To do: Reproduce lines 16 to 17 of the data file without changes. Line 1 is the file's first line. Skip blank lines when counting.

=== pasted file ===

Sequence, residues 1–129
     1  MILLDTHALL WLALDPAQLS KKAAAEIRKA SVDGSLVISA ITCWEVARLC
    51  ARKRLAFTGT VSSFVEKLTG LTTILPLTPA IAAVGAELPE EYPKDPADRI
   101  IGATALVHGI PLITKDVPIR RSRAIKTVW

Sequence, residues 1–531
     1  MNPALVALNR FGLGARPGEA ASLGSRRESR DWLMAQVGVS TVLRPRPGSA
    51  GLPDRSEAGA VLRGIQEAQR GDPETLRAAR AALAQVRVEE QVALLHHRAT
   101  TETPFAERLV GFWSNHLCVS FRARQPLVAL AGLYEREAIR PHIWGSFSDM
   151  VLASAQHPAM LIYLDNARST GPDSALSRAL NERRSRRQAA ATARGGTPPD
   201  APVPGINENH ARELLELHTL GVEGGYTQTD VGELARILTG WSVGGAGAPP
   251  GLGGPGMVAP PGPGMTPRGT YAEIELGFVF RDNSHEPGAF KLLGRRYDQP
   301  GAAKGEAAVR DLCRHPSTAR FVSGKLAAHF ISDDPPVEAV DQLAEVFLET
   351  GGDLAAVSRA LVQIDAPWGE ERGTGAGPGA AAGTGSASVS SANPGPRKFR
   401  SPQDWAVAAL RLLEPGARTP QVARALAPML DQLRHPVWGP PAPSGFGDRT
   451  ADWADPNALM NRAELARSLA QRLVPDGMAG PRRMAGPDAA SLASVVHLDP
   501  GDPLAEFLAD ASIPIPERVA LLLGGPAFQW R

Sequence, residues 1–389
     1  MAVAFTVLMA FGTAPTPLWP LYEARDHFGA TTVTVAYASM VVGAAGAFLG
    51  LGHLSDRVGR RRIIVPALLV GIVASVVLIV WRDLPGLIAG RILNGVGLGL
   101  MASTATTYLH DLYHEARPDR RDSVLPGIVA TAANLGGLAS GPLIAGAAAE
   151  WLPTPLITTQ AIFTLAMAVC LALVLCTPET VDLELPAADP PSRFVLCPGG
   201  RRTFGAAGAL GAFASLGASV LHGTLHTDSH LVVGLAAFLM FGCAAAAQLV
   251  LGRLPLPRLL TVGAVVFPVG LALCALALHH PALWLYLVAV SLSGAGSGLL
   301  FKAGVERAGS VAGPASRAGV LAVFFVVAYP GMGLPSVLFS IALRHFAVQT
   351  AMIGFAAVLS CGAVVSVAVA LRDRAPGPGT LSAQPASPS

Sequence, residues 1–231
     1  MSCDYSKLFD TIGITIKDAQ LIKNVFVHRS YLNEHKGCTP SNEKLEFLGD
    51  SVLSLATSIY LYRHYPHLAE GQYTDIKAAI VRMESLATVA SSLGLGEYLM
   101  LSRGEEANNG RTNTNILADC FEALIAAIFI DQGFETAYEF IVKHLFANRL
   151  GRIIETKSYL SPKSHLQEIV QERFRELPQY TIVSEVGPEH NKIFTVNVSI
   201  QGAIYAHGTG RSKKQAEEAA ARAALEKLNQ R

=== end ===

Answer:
   501  GDPLAEFLAD ASIPIPERVA LLLGGPAFQW R

Sequence, residues 1–389